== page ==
In Survivors


In this month’s Teal Talk, MOCA’s Community Support Program Manager Stefanie Gliniany shares information about palliative care, a topic many of you have been asking about.

What is palliative care? I receive many questions about this topic, so I wanted to shed some light on this approach and how it may help. Palliative care is sometimes called “supportive care.” It’s about making sure all of your care needs are addressed by a specialized medical team with doctors, nurses and other specialists who work together to provide an extra layer of support.

Palliative care addresses the person as a whole—not only his or her disease. Palliative care can help manage mental, physical, emotional and social issues that may come up after a cancer diagnosis. Some benefits include relief from pain and symptoms, better understanding of treatment options and support for caregivers. The goal of palliative care is to improve quality of life for the patient and family.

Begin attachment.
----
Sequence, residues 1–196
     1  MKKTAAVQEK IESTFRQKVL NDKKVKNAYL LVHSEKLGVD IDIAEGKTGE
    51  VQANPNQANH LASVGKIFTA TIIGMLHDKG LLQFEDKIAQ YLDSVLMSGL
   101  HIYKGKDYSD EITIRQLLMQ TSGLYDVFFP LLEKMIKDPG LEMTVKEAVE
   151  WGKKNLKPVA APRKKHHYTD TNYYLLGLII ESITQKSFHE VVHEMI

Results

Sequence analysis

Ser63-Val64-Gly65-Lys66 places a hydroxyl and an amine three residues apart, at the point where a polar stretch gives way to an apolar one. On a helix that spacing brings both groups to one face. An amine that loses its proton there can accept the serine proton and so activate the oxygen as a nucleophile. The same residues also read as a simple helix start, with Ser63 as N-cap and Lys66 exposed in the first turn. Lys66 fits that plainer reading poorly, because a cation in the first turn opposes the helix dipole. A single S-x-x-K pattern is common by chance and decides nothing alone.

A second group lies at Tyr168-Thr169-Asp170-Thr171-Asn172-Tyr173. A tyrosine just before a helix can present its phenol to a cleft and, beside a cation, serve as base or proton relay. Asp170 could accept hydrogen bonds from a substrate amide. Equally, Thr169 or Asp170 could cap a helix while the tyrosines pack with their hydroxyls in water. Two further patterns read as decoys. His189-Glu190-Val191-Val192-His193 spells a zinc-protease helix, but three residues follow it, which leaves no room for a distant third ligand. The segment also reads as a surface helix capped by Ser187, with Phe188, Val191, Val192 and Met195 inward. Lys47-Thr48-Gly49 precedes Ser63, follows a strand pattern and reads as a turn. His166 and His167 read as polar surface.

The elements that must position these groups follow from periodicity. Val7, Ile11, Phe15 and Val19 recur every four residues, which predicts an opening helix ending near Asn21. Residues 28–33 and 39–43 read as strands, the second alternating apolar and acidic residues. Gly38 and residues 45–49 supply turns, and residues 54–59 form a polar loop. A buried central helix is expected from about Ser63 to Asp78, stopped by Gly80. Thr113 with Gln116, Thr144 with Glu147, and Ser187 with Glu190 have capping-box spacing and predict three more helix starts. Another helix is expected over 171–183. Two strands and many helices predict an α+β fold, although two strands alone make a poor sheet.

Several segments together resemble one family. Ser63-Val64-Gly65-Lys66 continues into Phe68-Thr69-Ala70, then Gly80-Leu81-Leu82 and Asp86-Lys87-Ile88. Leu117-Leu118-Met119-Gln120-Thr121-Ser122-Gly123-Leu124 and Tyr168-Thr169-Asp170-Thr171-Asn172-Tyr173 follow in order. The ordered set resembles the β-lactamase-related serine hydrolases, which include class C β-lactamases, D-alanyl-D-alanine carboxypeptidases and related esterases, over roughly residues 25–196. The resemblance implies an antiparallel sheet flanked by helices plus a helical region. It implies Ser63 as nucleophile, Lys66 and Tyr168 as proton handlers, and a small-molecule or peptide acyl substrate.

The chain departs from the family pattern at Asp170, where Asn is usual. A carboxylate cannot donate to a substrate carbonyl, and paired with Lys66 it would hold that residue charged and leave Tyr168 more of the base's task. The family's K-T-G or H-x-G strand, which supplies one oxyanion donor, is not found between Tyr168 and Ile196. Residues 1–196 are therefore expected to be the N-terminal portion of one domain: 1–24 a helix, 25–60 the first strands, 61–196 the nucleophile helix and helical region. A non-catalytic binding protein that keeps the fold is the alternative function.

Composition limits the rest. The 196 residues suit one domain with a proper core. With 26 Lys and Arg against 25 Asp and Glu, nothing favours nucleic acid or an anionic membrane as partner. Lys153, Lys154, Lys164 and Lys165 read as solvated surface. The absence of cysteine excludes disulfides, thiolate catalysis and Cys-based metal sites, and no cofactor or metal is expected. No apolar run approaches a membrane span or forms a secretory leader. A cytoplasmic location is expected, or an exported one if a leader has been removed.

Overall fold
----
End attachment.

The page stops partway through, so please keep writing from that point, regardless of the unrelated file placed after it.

Palliative care is provided at the same time as cancer treatment and is appropriate for any age or stage. If you’re interested in learning more about this approach, here are a couple of helpful resources: and Palliative Care Resources from ASC CAN (American Cancer Society Cancer Action Network). 

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